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When the offseason doesn't mean time off

Two-sport athletes struggle to survive at Yale against increasingly difficult odds.

By Sheela V. Pai

Amanda Walton, SY '02. Megan Strenski, MC '02. Sue Barnes, DC '00. These names don't just represent the cream of the crop of Yale athletes; they also represent the last of a dying breed: the two-sport Eli. Every year a handful of Yale athletes conquer daunting physical and time constraints to successfully complete another full year of competition and training in two sports, often making a huge impact on both teams. But also every year, more and more Bulldog athletes are taking on the two-sport challenge and finding that despite their talent and dedication, they just are not up to the task.

Reeling them in

Recruiting a two-sport athlete carries its own risks. There is a high probability that the athlete will not be able to handle two seasons of intense, physically demanding competition every year and will either not develop and excel at either sport or, perhaps even worse, drop one, wasting a valuable recruitment spot. But because Yale has always proved willing to make this gamble, it has attracted outstanding athletes like Walton, the 1998-99 lacrosse and field hockey Ivy League Rookie of the Year, and Jac Gould, CC '00, the 1998 Ivy League Soccer Player of the Year and a former star sprinter. Most Division I schools lure top athletes with scholarships but demand a year-round, single-sport commitment to ensure that players develop to their highest potential. The Yale athletic program uses its flexibility as a key selling point to make up for the fact that it can't offer athletic scholarships due to Ivy League regulations.

Walton said Yale coaches' support of her desire to play both field hockey and lacrosse was a major factor in her decision to come here. "A main reason why I looked at the Ivy League is because schools down South make you choose one sport, because there is a different time limit to how much you can practice out of season," she said. "The Yale coaches worked together to try to get me in. They knew I had my heart set on playing two sports and that I felt confident I could do both."

Men's lacrosse coach Mike Wald-vogel admitted that it is common practice for coaches of different sports teams to coordinate their recruitment efforts. He pointed out that he and men's ice hockey coach Tim Taylor are currently working together to attract a top recruit. "[Taylor] and I are recruiting an athlete who is going to get scholarships for both sports, but all the schools down South won't let him play both sports," he explained. "Besides Yale and Harvard, there are few other schools where you can play two sports."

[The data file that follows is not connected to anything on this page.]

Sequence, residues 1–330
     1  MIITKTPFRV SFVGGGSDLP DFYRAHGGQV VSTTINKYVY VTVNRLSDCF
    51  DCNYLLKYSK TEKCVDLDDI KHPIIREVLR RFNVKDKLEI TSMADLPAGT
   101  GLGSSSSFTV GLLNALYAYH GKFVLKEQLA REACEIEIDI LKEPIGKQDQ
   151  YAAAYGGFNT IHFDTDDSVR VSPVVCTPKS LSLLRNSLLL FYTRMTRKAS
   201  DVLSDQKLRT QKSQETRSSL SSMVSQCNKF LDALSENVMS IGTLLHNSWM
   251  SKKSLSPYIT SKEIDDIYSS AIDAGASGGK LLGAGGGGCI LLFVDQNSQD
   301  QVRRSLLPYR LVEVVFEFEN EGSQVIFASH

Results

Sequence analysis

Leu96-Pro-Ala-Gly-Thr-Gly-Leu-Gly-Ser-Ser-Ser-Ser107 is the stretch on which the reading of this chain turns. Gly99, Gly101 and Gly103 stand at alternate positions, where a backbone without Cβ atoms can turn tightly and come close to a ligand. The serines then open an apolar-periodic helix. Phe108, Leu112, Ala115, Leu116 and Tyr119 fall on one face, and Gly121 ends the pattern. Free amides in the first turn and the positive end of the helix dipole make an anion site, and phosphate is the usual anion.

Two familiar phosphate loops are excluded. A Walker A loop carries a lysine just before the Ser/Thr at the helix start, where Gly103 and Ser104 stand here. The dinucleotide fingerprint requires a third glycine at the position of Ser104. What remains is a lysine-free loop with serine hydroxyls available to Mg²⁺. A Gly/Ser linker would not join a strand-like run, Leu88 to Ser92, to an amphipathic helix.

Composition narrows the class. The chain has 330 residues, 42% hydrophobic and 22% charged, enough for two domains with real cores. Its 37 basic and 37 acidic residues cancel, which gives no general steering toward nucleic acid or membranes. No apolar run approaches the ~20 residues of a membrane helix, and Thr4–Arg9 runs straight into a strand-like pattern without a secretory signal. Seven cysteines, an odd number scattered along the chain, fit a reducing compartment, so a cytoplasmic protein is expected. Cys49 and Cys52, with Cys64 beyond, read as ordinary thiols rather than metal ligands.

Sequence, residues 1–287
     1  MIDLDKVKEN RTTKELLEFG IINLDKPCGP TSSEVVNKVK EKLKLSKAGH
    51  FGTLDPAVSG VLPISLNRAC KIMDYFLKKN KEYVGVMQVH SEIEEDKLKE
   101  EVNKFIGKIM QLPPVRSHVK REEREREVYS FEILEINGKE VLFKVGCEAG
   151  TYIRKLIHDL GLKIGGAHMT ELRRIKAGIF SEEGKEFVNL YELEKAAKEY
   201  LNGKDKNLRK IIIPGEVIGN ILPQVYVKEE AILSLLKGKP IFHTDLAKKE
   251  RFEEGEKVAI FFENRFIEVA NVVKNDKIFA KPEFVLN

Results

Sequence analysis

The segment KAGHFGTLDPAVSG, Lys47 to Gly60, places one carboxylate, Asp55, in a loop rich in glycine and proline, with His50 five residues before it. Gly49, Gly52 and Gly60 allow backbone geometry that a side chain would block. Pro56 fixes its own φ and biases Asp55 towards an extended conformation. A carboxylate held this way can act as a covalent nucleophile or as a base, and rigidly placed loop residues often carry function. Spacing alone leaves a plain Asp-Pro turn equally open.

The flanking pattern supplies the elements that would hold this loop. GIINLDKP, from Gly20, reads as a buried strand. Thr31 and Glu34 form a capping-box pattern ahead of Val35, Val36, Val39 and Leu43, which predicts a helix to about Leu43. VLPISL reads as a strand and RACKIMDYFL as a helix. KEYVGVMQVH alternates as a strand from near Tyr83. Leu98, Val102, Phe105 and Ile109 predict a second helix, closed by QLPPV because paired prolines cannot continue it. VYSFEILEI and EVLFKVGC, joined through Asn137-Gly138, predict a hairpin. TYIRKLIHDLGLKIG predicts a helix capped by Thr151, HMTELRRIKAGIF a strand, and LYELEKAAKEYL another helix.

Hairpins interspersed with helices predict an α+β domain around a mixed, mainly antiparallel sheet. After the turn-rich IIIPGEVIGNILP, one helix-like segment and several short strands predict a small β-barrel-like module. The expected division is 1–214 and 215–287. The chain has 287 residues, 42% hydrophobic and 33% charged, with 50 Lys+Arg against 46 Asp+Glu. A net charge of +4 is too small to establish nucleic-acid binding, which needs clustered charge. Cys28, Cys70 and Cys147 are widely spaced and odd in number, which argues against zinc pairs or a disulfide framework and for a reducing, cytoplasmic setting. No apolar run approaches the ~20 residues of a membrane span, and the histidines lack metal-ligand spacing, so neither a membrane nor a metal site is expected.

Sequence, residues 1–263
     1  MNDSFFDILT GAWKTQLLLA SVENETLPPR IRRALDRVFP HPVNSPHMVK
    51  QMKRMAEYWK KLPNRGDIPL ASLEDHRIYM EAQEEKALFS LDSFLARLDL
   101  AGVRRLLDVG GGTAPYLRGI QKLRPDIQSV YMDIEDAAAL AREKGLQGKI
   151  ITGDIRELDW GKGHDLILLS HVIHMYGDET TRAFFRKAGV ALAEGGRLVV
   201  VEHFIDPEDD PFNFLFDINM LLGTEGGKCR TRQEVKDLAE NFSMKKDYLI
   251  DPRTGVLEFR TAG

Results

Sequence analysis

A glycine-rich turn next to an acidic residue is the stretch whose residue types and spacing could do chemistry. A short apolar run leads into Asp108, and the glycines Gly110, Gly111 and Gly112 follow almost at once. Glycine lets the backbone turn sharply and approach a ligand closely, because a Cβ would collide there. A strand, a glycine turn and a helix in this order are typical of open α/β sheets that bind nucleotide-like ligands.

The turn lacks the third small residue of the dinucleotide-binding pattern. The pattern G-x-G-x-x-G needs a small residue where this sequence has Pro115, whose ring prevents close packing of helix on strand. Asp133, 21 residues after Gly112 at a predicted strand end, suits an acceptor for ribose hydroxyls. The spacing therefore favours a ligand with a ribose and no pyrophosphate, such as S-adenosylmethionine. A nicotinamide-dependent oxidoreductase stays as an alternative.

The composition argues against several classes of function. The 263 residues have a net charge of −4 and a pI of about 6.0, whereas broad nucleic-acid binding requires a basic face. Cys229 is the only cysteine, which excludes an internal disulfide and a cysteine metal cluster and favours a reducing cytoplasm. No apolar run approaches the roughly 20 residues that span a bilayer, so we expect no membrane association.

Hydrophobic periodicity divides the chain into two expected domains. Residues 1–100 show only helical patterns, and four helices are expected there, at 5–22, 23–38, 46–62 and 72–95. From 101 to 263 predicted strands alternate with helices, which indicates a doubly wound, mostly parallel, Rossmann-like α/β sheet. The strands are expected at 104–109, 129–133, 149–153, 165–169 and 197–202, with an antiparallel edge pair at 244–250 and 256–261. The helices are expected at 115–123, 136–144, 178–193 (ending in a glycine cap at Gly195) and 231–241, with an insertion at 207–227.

Trial run

Many Eli athletes don't make the decision to tackle another sport until they have already begun their Yale athletic careers. In the spring of her freshman year, following a successful season on the ice hockey team, Barnes felt comfortable about exploring the idea of joining the field hockey team too. But the ice hockey assistant coach didn't think it was a good idea since the seasons overlapped—the field hockey season ends in mid-November, while the ice hockey season begins in mid-October. "[The assistant coach] said, `It's going to be too hard to do both sports. You're not going to be able to handle it,'" Barnes recalled. But she would not be deterred. "I talked to both the field hockey and ice hockey coaches and said I'll do what it takes to make it work," Barnes said. "It was something I really wanted to do, and I was willing to do whatever it took to play a fall sport." She did; Barnes finished this year as a top scorer on both the field hockey and ice hockey teams, and served as captain of the former.

Both Taylor and Waldvogel said they are open to allowing their athletes to experiment in other sports and find their niche, even if it involves them joining a team with an overlapping season. Taylor said that when hockey forward Paul Lawson, BK '00, informed him in the spring of his sophomore year that he was going to go out for the football team, he tried to help him out. "I said, `Paul, is this going to interfere with your performance as a hockey player,' and he said no, so I talked to [football head coach] Jack Siedlecki and told him Paul wanted to be a wide receiver." Lawson went through spring training with the football team that year and got through part of the fall season his junior year, but when October rolled around and Lawson still wasn't getting much playing time, he was faced with a dilemma—should he stick with football, or rejoin the hockey team? Taylor said the decision was clear. "Maybe if he had been on the first or second [football] defensive line it would have been different, but he wasn't, so he decided to rejoin the team," Taylor said.